Wednesday, December 10th, 2008

New Polymer Improves Efficiency, Expands Application of Solar Cells

Plastics are a key ingredient for being able to harness the power of renewable energy resources. In windmills, for example, plastics are used for wind turbine covers and fiber-reinforced plastics are the material of choice for the rotor blades.  When it comes to solar power, traditional silicon-based solar cells are expensive and difficult to handle.  Plastic (polymer) solar cells are more cost-effective, but their low efficiency has somewhat limited their practical application. But now a new type of plastic solar cell may offer an efficiency-boosting solution.

A new polymer designed and synthesized by a team of researchers at the UCLA Henry Samueli School of Engineering and Applied Science may one day lead to a future where consumers purchase solar cells from a neighborhood store, cover their car with them and drive away using the power they supply.  Reporting in the November 26 edition of the Journal of the American Chemical Society, Yang Yang, a professor of materials science and engineering and his colleagues state that the new polymer has significantly greater sunlight absorption and conversion capabilities than previous polymers.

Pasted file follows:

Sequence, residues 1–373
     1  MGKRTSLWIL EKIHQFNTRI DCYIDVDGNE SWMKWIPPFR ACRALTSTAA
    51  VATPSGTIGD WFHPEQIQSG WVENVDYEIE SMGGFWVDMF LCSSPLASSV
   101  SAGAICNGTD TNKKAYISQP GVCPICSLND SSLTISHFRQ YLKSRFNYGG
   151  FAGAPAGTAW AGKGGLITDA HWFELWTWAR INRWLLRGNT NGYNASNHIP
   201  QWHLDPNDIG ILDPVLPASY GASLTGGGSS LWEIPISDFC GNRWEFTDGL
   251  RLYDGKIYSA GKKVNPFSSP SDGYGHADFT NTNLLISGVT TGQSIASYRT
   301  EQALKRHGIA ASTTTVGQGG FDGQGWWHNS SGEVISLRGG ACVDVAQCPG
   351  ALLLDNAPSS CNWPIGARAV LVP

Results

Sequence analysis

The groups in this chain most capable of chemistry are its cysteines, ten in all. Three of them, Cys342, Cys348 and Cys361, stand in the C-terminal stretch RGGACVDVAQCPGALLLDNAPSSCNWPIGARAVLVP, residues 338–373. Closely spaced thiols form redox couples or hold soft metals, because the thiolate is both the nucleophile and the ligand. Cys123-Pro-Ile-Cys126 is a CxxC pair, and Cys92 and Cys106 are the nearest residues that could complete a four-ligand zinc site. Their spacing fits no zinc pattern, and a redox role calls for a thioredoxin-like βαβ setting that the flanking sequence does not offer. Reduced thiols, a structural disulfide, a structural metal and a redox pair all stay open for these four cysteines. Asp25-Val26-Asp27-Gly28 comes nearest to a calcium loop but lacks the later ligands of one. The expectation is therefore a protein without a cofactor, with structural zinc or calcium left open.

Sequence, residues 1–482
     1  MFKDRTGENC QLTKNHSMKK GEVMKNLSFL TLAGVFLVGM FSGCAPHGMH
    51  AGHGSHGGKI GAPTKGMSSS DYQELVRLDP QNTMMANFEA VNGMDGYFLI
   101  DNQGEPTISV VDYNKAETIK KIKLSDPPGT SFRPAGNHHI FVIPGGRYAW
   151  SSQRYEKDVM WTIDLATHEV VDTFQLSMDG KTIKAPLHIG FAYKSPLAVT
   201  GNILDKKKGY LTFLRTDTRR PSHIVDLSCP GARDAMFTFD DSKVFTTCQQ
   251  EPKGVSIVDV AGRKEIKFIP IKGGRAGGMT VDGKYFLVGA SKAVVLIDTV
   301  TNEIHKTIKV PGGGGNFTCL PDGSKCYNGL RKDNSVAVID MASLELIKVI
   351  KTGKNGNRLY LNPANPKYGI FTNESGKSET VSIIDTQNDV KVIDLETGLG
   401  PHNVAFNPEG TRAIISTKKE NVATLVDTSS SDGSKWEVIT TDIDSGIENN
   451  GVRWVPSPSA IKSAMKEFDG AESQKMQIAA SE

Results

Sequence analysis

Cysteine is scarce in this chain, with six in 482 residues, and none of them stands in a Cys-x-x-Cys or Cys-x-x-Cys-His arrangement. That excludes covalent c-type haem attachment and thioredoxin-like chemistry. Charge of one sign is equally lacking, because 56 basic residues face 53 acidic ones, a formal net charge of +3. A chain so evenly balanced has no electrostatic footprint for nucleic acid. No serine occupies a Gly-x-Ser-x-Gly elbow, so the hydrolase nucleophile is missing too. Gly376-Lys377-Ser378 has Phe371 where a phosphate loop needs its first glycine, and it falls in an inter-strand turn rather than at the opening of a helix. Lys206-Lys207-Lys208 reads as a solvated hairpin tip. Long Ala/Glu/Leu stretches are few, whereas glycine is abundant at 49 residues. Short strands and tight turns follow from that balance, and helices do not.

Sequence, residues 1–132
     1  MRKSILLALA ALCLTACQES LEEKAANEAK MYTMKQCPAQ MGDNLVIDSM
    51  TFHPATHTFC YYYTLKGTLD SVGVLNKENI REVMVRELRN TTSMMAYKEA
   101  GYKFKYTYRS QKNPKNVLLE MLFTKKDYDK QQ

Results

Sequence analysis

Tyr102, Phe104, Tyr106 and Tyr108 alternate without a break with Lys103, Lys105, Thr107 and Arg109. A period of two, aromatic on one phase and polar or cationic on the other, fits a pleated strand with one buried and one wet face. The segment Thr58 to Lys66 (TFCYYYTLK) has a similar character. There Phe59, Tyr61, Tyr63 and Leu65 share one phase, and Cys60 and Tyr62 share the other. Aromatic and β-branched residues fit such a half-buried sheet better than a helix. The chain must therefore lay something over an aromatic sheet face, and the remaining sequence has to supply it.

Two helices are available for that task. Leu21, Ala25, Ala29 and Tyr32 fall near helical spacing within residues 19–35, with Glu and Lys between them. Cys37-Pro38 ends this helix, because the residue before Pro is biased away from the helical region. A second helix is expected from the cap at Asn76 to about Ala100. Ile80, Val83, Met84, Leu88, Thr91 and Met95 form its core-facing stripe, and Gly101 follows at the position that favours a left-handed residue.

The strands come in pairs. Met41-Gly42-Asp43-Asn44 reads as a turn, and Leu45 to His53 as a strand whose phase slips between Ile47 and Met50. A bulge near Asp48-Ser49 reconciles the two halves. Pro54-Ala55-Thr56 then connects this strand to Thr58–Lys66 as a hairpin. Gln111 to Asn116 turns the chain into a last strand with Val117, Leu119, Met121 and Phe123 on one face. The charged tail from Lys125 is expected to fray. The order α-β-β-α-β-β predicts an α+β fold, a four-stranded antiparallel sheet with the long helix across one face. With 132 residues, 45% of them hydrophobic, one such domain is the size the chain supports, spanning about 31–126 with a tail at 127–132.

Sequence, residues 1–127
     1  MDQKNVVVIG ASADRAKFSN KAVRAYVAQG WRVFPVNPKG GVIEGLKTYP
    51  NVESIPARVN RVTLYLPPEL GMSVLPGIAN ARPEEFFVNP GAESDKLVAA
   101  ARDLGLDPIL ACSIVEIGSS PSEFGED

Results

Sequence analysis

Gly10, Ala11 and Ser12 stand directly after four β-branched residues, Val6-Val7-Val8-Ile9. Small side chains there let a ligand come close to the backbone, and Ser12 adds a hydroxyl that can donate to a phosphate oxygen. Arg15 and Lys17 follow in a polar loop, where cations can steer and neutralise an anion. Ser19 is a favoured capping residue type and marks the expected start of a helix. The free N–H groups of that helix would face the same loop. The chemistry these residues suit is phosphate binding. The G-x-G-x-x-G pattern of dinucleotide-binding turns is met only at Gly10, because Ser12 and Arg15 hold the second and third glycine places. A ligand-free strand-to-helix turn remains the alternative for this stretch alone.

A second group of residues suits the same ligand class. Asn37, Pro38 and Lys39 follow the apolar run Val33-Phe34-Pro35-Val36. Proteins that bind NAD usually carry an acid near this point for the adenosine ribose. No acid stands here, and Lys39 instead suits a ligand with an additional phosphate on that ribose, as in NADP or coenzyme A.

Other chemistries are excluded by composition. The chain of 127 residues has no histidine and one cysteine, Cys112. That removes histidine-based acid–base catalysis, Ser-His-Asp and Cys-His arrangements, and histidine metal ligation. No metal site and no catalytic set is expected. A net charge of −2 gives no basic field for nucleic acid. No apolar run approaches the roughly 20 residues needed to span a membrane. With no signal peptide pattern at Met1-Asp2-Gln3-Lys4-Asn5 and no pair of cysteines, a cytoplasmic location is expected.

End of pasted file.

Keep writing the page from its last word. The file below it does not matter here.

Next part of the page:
According to a UCLA news release, the researchers discovered that replacing a carbon atom with a silicon atom in the polymer markedly improved the material's photovoltaic properties. This silole-containing polymer can also be crystalline, giving it great potential as an ingredient for high-efficiency solar cells. The UCLA team has shown that the photovoltaic material they use on their solar cells is one of the most efficient based on a single-layer, low-band-gap polymer. According to the study, at a lower band gap, the polymer solar cell can absorb more sunlight. At a higher band gap, light is not easily absorbed and can be wasted.

“We hope that solar cells will one day be as thin as paper and can be attached to the surface of your choice,” said co-author Hsiang-Yu Chen, a UCLA graduate student. “We'll also be able to create different colors to match different applications.”

Commercialization potential? Solarmer Energy Inc., which provided funding for the study, recently licensed the technology.

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